Reply 3, posted (7 years 5 months 1 day 4 hours ago) and read 5285 times:
Quoting EMBQA (Reply 1): yup...and auto mechanics are not licensed, don't have the FAA breathing over their shoulder and are not liable for their work.....oh yea, and they get paid more at most shops.
That's funny, besides being an A&P I'm an ASE certified Master Auto Tech and to run a legit shop we have to be state licensed here. If I did a brake job and the brakes fail because I screwed up and people get killed, you think I'm not liable in anyway? Hey thanks for the great info...
One of the reasons I switched to aviation was to get away from the general public and all the idiots that walk into your shop. I'd rather deal with the FAA than the public anytime.
WN700Driver From , joined Dec 1969, posts, RR:
Reply 5, posted (7 years 5 months 21 hours ago) and read 5252 times:
Yeah liability is a big deal here.
I realize auto mechs can theoretically get sued. But I'm sure it is insanely hard to make a case and win it. Who's to say you didn't drain your own oil an hour after you got it from the shop? I'd be very surprised to hear about a case like that ever being won.
That said, I've heard some pretty stupid things at auto shops before (like being told it is a good idea to machine my brakes. Interesting as the discs were already a good mil or two thinner than manufacturer specs.) That and I know for a fact that most shops will cut every corner they can. I can understand this --it makes no sense to work one vehicle when two similar jobs can be done in the same amount of time, and the same number of labor hours can still be charged.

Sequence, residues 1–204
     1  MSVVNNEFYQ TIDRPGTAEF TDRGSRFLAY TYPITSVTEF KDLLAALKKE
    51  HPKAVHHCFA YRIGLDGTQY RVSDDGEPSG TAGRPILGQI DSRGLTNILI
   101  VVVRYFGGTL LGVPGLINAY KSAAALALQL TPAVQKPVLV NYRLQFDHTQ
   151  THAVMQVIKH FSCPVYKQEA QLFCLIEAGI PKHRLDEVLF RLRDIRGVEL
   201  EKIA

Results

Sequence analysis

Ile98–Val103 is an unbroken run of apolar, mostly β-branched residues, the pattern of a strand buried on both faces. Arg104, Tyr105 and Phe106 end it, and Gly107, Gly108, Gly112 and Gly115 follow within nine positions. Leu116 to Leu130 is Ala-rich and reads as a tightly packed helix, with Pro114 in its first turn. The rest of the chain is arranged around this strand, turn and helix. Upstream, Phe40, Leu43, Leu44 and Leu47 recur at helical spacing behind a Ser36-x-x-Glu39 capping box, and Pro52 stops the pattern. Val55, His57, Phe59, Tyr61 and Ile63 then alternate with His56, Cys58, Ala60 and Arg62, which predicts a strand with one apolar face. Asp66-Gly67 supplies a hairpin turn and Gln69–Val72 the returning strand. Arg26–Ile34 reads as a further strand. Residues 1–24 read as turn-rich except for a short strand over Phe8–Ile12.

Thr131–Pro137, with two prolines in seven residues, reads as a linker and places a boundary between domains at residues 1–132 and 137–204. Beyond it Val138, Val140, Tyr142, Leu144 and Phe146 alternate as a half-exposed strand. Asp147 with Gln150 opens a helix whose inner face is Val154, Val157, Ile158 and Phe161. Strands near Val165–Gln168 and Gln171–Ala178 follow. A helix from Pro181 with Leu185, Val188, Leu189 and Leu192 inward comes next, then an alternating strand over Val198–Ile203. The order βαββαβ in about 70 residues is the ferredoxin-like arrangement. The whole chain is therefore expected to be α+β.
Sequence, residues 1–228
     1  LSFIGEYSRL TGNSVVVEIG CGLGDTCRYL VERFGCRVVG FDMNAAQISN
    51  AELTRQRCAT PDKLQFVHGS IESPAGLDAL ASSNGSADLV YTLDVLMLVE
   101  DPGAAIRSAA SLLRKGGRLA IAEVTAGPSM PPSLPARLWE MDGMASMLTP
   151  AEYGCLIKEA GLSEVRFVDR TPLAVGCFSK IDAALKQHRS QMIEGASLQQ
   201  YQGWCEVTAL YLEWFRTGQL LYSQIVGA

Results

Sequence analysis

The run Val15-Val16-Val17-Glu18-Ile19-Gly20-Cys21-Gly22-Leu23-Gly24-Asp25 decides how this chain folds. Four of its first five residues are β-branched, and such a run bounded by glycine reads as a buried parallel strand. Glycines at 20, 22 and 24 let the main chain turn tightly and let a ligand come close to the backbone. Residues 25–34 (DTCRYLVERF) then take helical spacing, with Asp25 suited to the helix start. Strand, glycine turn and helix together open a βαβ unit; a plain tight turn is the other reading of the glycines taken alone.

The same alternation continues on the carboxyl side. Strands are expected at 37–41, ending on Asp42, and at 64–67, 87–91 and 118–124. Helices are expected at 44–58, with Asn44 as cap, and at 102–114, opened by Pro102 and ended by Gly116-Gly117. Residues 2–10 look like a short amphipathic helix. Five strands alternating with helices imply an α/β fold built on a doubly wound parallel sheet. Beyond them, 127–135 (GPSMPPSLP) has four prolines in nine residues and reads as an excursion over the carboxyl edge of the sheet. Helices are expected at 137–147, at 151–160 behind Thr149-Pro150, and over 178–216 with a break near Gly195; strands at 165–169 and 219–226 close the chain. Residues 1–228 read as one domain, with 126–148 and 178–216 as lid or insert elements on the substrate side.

Hell, I've even seen corners cut at my airline. I was once told by my lead that I was "littering" because the seal I was putting over a panel edge was just going to blow off in a few flight hours anyway. Though this is true, I tend to go by the workcard anyway. Hell, I'm hourly RON what do I care how long it takes, right?
I guess we all have our own cultures, but from what I can see, there usually isn't as much attention to detail in car shops. I hear the guys at European Dealerships tend to make some good scratch though.
AcNDTTech From United States of America, joined Jul 2008, 338 posts, RR: 0
Reply 7, posted (7 years 5 months 12 hours ago) and read 5193 times:
I know a lot of A&P mechanics that love to work on cars. As a matter of fact, when I need work done on my car (a Saab 9-3 turbo), the guy that I take it to was a Saab 340 mechanic at one time, now he works on Gulfstreams only. Good mechanics are hard to find, GREAT mechanics are even harder. Yes, while at work, we rib each other about each other's job, but it's only in a fun, respectful way. He's a grease monkey, I'm a crack whore.....it's all in fun. My utmost respect for all the ramprats, grease monkeys, crack whores, jet jockeys, and everybody else in this industry.....even the managers that remind me of my probation officer when I was in high school (just kidding).
As for unskilled or semi-skilled, I'd like to see one of the people that classifies the jobs for the Dept. of Labor try to work on a plane (hell, or even a car). They'd be lost. I bet it would take them forever to get me a couple yards of flight line, or find where we keep the prop wash.